That’s why I drink dandelion root tea. I could say it’s because of it’s diuretic properties that gently cleanse the blood and support the liver; unlike other diuretics that leech potassium, dandelion root tea gives a net gain of potassium. It’s also rich in magnesium, a mineral that has a lot to do with your mood and ability to cope with stress. I could also say that I drink dandelion root tea because of its high calcium content, which is important for healthy bones and teeth.

I could say all those things. And they’d be true. But the real reason I drink this tea is the way I feel my body respond with a chorus of “Yes!” from every organ, every curve, every cell.

Roasted Dandelion Root Tea

a palmful of roasted dandelion roots
boiling water
a pint jar

If the roots are not already roasted, spread them in an even layer on a rimmed baking sheet and roast at 350° for 10-15 mintures, until they are dark brown and their bittersweet aroma fills your kitchen. Allow to cool completely and store in an air tight jar. Measure out a palmful of the stored roots. Pour the roots into a pint sized jar. Pour boiling water to just below the top. Allow to steep for at least four hours. Strain and enjoy warm, gently reheated, or over ice. The roots can be used again to make a second, weaker infusion.

Posted 5 years, 2 months ago at 4:10 pm. Add a comment

{this moment}

{this moment} – A Friday ritual from Soule Mama. A single photo – no words – capturing a moment from the week. A simple, special, extraordinary moment. A moment I want to pause, savor and remember.

If you’re inspired to do the same, leave a link to your ‘moment’ in the comments for all to find and see.

Posted 5 years, 2 months ago at 1:21 pm. 2 comments

You know you’re a mama when…

  • you wait until nap time to eat the cookie someone gave you so you don’t have to share it
  • you pick a half a gnawed raw carrot up off the floor and put it in the fridge for later
  • you delight in your cats because you can love them and then throw them on the floor when you’re done with them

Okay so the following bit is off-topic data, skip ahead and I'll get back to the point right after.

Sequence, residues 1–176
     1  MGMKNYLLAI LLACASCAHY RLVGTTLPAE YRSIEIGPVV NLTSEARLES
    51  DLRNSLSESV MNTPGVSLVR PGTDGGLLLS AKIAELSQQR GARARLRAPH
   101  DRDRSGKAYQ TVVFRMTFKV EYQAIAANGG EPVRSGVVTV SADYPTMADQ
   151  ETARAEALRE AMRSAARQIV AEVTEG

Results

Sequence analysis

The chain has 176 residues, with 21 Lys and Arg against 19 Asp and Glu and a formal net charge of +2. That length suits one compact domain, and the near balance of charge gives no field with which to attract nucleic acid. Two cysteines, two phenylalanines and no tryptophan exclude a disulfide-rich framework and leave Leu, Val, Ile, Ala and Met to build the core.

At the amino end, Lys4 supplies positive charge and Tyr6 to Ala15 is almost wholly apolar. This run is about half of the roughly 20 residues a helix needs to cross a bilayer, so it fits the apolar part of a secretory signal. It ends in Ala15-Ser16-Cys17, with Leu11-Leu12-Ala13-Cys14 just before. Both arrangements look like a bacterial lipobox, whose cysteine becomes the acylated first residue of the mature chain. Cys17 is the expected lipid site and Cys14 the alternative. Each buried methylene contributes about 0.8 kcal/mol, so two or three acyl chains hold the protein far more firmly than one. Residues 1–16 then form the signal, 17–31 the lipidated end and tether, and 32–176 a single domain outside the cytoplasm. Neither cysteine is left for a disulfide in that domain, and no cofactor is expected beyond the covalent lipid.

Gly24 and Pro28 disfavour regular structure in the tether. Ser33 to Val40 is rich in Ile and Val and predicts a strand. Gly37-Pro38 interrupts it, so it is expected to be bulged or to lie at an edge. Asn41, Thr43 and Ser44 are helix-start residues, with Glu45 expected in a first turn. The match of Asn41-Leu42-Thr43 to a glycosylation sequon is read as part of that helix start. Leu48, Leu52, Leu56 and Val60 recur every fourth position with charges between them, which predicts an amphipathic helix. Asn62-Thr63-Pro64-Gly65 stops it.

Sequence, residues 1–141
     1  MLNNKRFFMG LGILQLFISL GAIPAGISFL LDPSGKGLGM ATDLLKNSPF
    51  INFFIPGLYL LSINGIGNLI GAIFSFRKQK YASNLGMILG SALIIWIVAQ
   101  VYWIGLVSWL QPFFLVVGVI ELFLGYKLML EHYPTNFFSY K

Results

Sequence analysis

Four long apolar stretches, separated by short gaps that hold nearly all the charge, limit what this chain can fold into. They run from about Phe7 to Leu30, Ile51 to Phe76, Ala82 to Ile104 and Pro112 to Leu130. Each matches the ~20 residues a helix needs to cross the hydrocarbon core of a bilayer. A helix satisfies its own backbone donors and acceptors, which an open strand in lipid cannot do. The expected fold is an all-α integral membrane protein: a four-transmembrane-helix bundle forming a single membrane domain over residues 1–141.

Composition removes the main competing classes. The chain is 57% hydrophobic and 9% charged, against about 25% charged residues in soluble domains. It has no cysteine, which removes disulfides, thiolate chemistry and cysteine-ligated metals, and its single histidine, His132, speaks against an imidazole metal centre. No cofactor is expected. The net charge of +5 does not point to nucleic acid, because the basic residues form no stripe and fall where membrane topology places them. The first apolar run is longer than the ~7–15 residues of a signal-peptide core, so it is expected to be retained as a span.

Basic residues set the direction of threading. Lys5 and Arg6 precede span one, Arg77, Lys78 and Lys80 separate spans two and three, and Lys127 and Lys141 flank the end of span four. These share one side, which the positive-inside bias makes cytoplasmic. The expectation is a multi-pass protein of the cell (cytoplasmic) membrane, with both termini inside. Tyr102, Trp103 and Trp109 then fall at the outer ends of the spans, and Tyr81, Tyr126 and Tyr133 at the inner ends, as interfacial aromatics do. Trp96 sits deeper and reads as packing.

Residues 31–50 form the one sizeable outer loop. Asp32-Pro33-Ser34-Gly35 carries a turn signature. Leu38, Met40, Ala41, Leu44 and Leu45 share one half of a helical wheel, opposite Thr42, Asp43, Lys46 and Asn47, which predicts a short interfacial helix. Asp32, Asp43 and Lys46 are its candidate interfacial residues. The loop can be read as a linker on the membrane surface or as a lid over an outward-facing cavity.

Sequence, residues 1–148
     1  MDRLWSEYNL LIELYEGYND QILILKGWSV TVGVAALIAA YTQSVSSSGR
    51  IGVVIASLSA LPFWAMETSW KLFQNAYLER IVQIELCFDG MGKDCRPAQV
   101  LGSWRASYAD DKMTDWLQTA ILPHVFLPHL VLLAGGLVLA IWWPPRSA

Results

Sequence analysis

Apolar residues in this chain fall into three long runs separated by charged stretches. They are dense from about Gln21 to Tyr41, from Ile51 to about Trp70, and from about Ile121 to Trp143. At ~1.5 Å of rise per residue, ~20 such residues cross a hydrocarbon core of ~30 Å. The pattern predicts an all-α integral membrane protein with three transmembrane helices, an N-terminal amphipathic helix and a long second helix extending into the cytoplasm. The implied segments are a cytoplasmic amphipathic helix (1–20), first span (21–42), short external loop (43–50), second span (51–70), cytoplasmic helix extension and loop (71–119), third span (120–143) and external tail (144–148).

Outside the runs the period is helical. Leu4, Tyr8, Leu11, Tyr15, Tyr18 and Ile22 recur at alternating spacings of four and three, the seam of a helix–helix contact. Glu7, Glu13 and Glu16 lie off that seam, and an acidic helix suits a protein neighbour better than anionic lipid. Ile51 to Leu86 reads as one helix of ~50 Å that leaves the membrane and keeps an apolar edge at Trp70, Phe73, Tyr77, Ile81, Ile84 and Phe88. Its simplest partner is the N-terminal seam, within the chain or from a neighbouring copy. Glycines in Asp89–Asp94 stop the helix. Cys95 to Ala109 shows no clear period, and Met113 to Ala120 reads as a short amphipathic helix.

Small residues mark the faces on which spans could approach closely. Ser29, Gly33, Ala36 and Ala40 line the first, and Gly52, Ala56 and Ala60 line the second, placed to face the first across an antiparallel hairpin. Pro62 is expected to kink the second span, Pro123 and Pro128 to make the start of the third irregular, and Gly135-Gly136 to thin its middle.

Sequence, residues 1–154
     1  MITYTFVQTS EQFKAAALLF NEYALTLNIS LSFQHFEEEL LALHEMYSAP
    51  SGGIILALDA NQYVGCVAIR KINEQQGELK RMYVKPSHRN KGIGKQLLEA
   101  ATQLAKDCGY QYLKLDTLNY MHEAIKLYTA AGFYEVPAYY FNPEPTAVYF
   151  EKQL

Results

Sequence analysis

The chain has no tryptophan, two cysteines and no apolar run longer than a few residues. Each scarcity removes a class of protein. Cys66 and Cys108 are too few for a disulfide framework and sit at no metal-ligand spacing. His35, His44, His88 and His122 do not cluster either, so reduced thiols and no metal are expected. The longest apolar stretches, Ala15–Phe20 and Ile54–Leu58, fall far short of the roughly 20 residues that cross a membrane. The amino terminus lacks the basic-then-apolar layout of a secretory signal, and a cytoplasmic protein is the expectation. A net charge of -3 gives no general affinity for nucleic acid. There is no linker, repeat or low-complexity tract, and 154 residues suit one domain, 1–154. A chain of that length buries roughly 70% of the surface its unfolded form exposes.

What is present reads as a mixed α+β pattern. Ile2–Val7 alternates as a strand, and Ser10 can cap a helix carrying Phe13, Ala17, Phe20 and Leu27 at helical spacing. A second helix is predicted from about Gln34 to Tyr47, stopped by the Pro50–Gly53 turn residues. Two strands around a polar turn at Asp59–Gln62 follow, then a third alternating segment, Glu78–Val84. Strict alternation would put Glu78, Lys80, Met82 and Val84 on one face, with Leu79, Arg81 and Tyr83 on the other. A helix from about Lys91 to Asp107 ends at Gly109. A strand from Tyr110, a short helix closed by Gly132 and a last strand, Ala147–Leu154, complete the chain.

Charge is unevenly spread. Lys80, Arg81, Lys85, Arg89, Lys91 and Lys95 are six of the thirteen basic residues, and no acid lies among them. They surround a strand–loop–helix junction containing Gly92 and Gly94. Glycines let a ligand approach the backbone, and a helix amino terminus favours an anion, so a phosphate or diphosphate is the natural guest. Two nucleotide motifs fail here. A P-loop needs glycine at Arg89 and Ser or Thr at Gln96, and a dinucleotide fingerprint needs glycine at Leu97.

• you keep a mental tally of how many times your jeans have been spilled, smeared, leaked, peed, and pooed on. And you don’t even think about washing them until that tally reaches at least 17. (Poo counts as 5 points)
  • you spend your baby-free evenings watching videos to learn new ways to fold cloth diapers
  • you understand what it means to be physically but not sexually attracted to someone
  • you look down and realize you’ve been wearing oatmeal as some kind of nouveau pendant. Suddenly stranger’s small smiles and headshakes make sense
  • you can locate your child anywhere in the house based solely on the unique sound patterns resonating from the particular things being banged together
  • you spend your falling asleep moments trying to describe the smell of your sleeping baby’s head
  • you wonder how you met new people before you had a baby as an ice breaker
  • you carry around the sinking knowledge that sometime, somewhere, a guest is going to find that apple core your toddler dropped in a secret hiding place
  • you’ve slept with a teddy bear for the first time since your own childhood in a desperate attempt to make it smell like you so you can trick your baby into sleeping longer
  • it’s totally normal for your toddler to finish his lunch after his nap…. off the floor where he threw it
  • you’ll drink a glass a water that’s 15% baby backwash without a second thought
  • you forget to drop the royal “we” when your child’s not with you
  • you have nursed/snuggled/read to/ played with your child… while pooping
  • you plan date nights with the same attention to detail and wishful thinking that you used to plan your wedding when you were thirteen
  • you rarely snap all the snaps
  • you know what a full body hug feels like

Posted 5 years, 2 months ago at 1:46 pm. 1 comment

Milestones: Helping

Ever since Aunt Rachel and Tiffany visited and showed him where the silverware goes, he’s never let a dishwasher-door-open moment pass without helping put away something. His favorite are the spoons. Dirty ones.

Posted 5 years, 2 months ago at 8:12 pm. 1 comment